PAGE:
Plant Family: Grass, Poaceae
Wetland Indicator Status: FACW
There is some debate on the origin of reed canary grass in North America. It seems likely the plant has some native origin, but also that a nonnative invasive strain was introduced and has rapidly advanced on native wetlands, displacing the native vegetation and degrading wildlife habitat. In many cases, this invasion was facilitated by human activity. Natural resource professionals and highway construction workers used the grass to stabilize roadsides and stream banks. Farmers planted many moist fields and wetland with the grass to get increased yields of marsh hay for cattle feed and bedding. When it was the popular thing to plant there was a sort of unorganized pyramid scheme. Farmers planted it for seed production, the seeds then were planted for the next farmer to plant seeds for the next. So for a time the seed was something of a valuable commodity.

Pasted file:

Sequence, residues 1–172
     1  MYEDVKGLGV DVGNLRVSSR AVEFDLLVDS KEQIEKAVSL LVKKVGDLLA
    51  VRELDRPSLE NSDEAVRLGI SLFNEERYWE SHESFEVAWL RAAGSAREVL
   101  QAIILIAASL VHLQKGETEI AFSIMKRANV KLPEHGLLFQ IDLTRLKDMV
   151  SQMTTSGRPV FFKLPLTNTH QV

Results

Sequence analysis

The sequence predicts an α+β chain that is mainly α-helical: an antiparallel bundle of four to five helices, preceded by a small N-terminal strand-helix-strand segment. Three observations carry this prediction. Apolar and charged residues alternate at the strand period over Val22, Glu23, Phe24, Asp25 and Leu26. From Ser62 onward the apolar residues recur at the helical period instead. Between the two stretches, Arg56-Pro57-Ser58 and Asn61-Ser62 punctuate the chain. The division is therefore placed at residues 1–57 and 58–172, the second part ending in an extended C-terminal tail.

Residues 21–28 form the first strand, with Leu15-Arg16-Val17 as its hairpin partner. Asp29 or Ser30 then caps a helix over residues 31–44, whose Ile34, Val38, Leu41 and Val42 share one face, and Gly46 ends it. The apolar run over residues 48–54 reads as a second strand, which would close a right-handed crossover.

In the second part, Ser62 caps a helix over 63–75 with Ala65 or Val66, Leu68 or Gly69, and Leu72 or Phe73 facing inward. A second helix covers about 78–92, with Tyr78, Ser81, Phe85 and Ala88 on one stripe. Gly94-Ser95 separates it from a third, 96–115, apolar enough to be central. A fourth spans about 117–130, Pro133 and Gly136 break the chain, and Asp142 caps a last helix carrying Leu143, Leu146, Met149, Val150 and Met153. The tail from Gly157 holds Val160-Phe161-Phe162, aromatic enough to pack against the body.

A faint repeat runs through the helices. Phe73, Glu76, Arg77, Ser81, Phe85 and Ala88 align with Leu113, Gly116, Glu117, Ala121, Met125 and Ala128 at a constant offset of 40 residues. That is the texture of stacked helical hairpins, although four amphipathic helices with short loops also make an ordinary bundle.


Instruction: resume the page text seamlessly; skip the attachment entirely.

Today, reed canary grass is still widely maintained simply by cutting for marsh hay. However, in many of these low fields it is no longer harvested and still forms dense stands that show no sign of allowing the return of native vegetation. This grass is notoriously hard to get rid of. The most effective means of restoration of reed canary grass wetlands is removing the top layer of sod and soil to expose the old seed bank of native plants. The next is to completely alter the wetland type with permanent flooding, which the grass cannot withstand.
Besides suppressing native vegetation, reed canary marshes have poor winter wildlife qualities because the grass is completely flattened by snow. This allows little space for large grassland birds like ring-necked pheasants or prairie chickens to take shelter during the winter and early spring. Having only one type of seed production in the wetland is probably also bad for seed-eating birds and mammals. Unfortunately, this grass is here to stay.